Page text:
Woman Claims to Be Member of Lost Tribe
But geneticists say that's impossible to prove in regard to the Beothuk
By Michael Harthorne,  Newser Staff
Posted Jan 28, 2017 3:30 PM CST
Updated Jan 29, 2017 12:01 AM CST
A Beothuk woman.   (Library and Archives Canada)

(Newser) – The Beothuk, an Indigenous tribe that lived in Canada, came to an end in 1829 with the death of its last member. Or did it? CBC reports a 55-year-old woman from North Carolina says she and her family are long-lost members of the Beothuk tribe, and she has the DNA test to prove it. Carol Reynolds Boyce says her mom told her when she was young, "You got Indian in you." She tells the Telegram her family is originally from Newfoundland and hid their Beothuk ancestry. Last year, she paid for a DNA test by Accu-Metrics to prove her heritage. "It's a bad feeling when people say you are extinct," says Reynolds Boyce, who says people claiming the Beothuk are gone are committing "political genocide."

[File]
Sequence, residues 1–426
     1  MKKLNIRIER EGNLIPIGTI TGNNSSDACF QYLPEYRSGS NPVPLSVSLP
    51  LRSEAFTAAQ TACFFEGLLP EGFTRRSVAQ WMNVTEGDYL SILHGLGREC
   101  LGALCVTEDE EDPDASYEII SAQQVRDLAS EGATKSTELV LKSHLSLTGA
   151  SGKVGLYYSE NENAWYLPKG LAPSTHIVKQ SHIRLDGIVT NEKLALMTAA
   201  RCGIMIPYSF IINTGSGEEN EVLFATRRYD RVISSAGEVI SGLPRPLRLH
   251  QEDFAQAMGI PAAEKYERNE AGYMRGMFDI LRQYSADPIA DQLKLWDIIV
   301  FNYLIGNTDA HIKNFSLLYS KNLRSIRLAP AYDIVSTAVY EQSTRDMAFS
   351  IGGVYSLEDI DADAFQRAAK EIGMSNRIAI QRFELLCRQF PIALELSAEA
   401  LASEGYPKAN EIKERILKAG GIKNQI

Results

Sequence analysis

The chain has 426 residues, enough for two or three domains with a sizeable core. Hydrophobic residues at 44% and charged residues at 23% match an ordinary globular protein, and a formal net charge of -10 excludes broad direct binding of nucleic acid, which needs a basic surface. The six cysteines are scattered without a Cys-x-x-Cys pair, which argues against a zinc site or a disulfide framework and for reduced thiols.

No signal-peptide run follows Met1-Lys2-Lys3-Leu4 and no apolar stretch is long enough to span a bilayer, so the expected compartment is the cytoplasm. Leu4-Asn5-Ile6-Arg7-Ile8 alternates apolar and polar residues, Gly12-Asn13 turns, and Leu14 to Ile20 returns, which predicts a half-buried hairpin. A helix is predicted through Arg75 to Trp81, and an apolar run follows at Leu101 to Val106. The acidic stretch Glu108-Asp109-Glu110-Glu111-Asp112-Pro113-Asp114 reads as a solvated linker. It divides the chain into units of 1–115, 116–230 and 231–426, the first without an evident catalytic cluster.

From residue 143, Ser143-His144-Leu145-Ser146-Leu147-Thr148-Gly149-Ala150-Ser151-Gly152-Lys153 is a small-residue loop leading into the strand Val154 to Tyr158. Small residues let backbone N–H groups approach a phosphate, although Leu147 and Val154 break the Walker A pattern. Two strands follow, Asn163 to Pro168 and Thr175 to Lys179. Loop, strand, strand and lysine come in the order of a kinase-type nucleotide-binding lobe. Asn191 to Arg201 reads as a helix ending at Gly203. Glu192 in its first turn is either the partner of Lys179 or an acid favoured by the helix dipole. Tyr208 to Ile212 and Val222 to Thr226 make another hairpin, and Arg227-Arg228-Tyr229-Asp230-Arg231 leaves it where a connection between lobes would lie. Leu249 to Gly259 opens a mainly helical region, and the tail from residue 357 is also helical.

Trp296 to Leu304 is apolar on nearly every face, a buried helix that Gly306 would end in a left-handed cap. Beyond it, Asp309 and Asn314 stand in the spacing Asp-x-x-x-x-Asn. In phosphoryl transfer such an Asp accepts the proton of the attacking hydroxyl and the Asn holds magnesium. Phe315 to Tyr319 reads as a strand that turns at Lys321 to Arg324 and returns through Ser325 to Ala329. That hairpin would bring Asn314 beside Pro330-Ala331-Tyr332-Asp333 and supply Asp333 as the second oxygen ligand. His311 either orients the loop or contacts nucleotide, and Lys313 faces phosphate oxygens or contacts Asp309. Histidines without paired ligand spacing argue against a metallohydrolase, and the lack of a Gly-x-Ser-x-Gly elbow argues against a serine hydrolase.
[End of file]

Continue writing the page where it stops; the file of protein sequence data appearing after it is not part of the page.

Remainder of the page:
The Accu-Metrics test did indeed state Reynolds Boyce was Beothuk. The company believes it's the first time a Beothuk match has ever happened. But geneticists say that's impossible, arguing there isn't enough Beothuk DNA on file to confirm a match, and if Accu-Metrics told Boyce Reynolds otherwise, she was "being lied to." After originally standing by its results, Accu-Metrics told CBC it was removing Beothuk from its database. But a followup from the Telegram found it was still there. In the meantime, Reynolds Boyce says her family has voted her chief of Beothuk First Nation. She's sent her DNA test to the Canadian government, is demanding federal land, and is soliciting donations on Facebook to relocate her family to Newfoundland. (Suspected serial killer doomed by genealogy-curious relative.)

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